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FDA Sends Pathway Genomics Untitled Letter Over Liquid Biopsy Test

NEW YORK (GenomeWeb) – Pathway Genomics has received a letter (see PDF below) from the US Food and Drug Administration saying that it has concerns about a new liquid biopsy test for cancer offered by the company, as well as the way Pathway is marketing the test. 

Specifically, the agency has questions about CancerIntercept Detect, a test launched by Pathway earlier this month that detects tumor DNA in high-risk but otherwise healthy patients, according to a press release from the company. The liquid biopsy test analyzes the presence of 96 frequently occurring DNA mutations in nine cancer genes — though the FDA letter said that Pathway claims it can identify DNA mutations in 10 genes — and is priced as low as $299. 

Simultaneous to the launch of CancerIntercept Detect, Pathway made available CancerIntercept Monitor for monitoring patients with active or previously diagnosed cancer. However, the FDA letter does not mention that test. 

Among the concerns raised by the FDA is that it believes Pathway is using a "direct-to-consumer type model" to market the test. "Under this model, you ship blood collection tubes, a medical device, for use" with the test, the agency said, adding that it has no record of having approved, cleared, or listed the test. 

"We also have examined published literature and have not found any published evidence that this test or any similar test has been clinically validated as a screening tool for early detection of cancer in high-risk individuals," FDA said in its letter. 

Pathway has a white paper posted on its website, but, the FDA said, "It is unclear how the literature that you cited, addressing the presence of circulating tumor DNA (ctDNA) in already-diagnosed patients, is adequate to support the expansive claims of screening for early cancer detection using ctDNA in undiagnosed patients for up to 10 different cancers with the CancerIntercept Detect." 

The test, the agency said, has yet to be adequately clinically validated and "may harm the public health." 

It wants to meet with Pathway to discuss the test and the strategies used by the firm to validate the technology. The agency has given Pathway 15 days from receipt of the letter, which was sent Sept. 21, to reply to the agency and propose a timeframe for a meeting. 

In a letter posted on Pathway's website, the company said that it is "carefully considering the concerns of the FDA … and will be responding to [the] letter."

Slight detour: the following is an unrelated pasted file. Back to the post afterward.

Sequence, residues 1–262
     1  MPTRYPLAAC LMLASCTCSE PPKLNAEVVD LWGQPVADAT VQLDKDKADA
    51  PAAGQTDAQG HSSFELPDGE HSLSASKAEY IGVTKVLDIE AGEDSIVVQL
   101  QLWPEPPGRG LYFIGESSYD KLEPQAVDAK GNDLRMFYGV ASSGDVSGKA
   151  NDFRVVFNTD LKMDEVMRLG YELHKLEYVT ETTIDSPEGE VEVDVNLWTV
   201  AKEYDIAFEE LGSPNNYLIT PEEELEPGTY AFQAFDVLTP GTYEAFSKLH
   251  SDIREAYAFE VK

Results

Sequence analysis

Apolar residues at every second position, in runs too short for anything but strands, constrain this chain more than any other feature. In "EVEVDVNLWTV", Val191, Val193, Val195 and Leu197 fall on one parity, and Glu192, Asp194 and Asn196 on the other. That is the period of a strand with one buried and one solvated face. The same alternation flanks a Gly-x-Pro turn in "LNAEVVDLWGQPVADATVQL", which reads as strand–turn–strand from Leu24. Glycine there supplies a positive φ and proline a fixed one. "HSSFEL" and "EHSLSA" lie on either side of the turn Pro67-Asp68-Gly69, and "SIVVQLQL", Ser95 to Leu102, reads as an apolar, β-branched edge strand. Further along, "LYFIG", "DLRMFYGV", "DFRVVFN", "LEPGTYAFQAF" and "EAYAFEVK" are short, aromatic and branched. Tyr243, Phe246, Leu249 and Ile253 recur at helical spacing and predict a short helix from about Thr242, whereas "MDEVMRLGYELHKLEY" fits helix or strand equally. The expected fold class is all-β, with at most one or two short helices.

The company added that physicians are involved "in the ordering, review, and follow-up of CancerIntercept testing," and believes that CancerIntercept Detect is a laboratory-developed test. As a "CLIA- and CAP-certified clinical laboratory, we are offering it as such," Pathway said. 

Pathway Chief Commercial Officer Ardy Arianpour told GenomeWeb two weeks ago when the CancerIntercept tests were launched that while patients can submit themselves as candidates for testing without first consulting their own doctors, the tests were not following a DTC model.

"The patient needs to provide a physician contact who will be contacted in the event of a positive result," he explained. Any positive results are then released to the chosen physician. Negative results get released directly to the patient and to the primary care physician.

It is not the first time Pathway has attracted the wrong kind of attention from the FDA. In May 2010, following a deal between Pathway and the drug store chain Walgreens to market Pathway's genetic test kits, the FDA sent a letter to Pathway saying that the kit requires marketing clearance from the agency. Eventually, Pathway abandoned the DTC model for the kits. 

In the fall of 2011, Pathway said that the FDA had "classified and registered" the kits as a Class I device, exempting the firm from having to meet more stringent requirements under 510(k) classification requirement. However, an FDA spokesperson told GenomeWeb at the time that registration is not the same as classification and the kits could, nonetheless, still need 510(k) clearance in order for the firm to market them.


An earlier headline inaccurately said Pathway received a Warning Letter from the FDA. The headline has been corrected to note that the firm received an untitled letter.

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